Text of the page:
Sunday, July 31, 2011

Back to Blighty

Thanks for your patience readers (and Mum!). We've been moving fast and travelling a lot of an evening due to the fact that it doesn't get dark here at the moment till about 10pm. We've been using blogging time to keep moving - sorry.

You last heard from us in the lovely Tollymore Forest. We used this as a bit of a base to explore as much as we could of  Northern Ireland. One of the nicest trips was up one side of County Down along the Mourne Mountains and then down the coast on the other. We went to see Castle Espie Wetlands Centre on Strangford Loch, which is one of the primo wetlands for birds in the UK. The Brits love their dogs and their birds. There's huge numbers of  'twitchers' here (I think it's an alliterative play on 'bird watchers'). They have some great programs for conservation both here and in Europe trying to save the wetland environments from evil developers, pollution, over hunting and other forms of destruction.

Here's a photo of Linda in the Coffee lounge. This is how we like to twitch...


The weather had closed in on us by this stage and sunlight became pretty uncommon. Temps down to 10 degrees. Rain. The Irish have as many words for different rain as Eskimos have for snow! We liked (on the news) the "occasional spatterings of rain". If only it ended up being so innocuous.

...anyway we got to have another ferry ride at Portaferry!

The drive down the coastal side of Down (where the Mountains of Mourne do indeed come down to the sea) was spectacular. Always hard to get this sort of thing on camera!



We drove around Strangford loch then down to Carlingford Loch. Loved Ardglass, and watched a family of seals playing in the bay and the fishing boats coming and going.

This next shot is of the Narrow Water Castle  guarding the Clanrye River, near the Republic of Ireland border.


Just near here is the coronation stone of the Magennis'.

Then we had another couple of great rides thru Tollymore



Looking down on Newcastle (N.I.) from Curraghard, The Black Mountain....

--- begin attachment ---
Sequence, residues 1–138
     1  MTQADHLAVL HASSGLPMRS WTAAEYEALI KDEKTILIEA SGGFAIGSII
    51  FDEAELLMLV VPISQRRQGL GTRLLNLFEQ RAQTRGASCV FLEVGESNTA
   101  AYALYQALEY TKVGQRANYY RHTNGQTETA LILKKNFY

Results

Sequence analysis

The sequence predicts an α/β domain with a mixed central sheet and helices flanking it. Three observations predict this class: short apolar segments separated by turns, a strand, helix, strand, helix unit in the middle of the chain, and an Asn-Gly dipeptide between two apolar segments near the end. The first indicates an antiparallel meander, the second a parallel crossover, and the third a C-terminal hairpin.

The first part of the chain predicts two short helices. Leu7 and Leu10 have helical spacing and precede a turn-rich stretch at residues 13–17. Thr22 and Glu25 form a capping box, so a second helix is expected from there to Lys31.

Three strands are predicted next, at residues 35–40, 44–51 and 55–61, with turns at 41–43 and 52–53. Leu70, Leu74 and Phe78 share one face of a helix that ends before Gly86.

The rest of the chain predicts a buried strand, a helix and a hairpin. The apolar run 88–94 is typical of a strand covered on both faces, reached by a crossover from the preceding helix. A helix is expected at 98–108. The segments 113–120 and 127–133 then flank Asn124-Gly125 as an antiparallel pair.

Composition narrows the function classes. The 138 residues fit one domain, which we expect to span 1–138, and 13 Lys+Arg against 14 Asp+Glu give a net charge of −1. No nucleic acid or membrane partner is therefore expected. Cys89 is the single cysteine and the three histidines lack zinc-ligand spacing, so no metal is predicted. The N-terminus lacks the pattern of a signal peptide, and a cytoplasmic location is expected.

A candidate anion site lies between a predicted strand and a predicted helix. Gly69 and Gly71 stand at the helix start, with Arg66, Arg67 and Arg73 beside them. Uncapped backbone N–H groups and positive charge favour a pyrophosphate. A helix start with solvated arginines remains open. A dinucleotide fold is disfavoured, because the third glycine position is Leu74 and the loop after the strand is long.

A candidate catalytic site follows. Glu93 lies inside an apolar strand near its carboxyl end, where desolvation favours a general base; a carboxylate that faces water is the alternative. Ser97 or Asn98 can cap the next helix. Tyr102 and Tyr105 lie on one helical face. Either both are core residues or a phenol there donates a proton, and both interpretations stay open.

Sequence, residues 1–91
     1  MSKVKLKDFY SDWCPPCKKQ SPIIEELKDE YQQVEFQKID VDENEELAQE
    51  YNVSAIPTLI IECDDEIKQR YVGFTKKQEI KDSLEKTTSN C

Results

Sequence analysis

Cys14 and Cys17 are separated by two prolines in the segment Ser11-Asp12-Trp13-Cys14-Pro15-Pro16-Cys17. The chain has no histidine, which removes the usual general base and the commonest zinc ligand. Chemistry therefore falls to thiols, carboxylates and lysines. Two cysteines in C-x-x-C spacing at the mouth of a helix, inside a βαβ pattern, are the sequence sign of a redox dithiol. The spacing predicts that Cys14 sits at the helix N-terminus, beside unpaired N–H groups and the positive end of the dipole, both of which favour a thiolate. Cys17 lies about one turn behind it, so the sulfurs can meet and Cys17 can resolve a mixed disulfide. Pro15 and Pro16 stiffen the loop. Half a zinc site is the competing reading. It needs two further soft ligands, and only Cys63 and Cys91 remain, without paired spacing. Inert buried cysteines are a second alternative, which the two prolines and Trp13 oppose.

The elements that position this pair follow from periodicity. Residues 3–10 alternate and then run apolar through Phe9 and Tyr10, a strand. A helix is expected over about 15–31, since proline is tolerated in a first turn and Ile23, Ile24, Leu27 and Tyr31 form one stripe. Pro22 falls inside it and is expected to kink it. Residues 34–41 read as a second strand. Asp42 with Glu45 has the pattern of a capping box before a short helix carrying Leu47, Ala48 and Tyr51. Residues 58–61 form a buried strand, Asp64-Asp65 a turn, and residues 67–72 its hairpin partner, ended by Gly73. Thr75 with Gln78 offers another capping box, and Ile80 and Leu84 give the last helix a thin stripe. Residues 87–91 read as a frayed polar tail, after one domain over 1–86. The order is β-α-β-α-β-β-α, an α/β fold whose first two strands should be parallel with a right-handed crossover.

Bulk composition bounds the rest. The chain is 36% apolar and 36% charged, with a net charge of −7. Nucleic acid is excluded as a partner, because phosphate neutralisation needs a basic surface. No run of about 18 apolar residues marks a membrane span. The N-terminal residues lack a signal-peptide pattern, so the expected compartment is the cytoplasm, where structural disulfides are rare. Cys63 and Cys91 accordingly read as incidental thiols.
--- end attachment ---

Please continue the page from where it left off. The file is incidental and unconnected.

All too soon it was over and we were heading back to Belfast and the ferry to Stranraer. Northern Ireland is relatively peaceful outside of the marching season, but we were more than a little disappointed to see the loyalists still hanging their banners and their flags all over towns and marching up and down near catholic streets. They just don't seem able to see that it's wrong.

We woke to a sunny day in Stranraer and spent the morning at the lighthouse. Did a bit of traipsing around looking for St Bridget's Well, but no-one remembers where it is anymore and the countryside was a bit coarse and wet so we gave up and drove up to the Agnew Memorial Tower which is set on a Novantae Hillfort.

That's all for now, lots more to come.

Wednesday, July 20, 2011

We're Back!

Not back in Oz of course. Just back on the ethernet. We've been lucky and found the best camping ground in the whole of the British Isles. Tollymore Forest Park. Remember that name. Where the Mountains of Mourne come down to the sea. At Newcastle of all places. County Down, Northern Ireland. The best showers. You don't have to put any more money in or keep pressing the fershlugginer button to keep it going. Hot and strong. The (Northern) Irish could teach the Poms and the Scots a thing or two about showers.



It's pretty weird, but no matter what time of the morning I go to have my shower, I have never seen another guy. There's endless numbers of the fairer sex travelling to and fro for their morning ablutions...

Anyway, this place is great. The old seat of the Magennis' it's now a national park, and has some of the most beautiful forest we've seen yet. The Irish patriot John Parnell used to come here for his meditations. Some fantastic views and rides thru the mountains.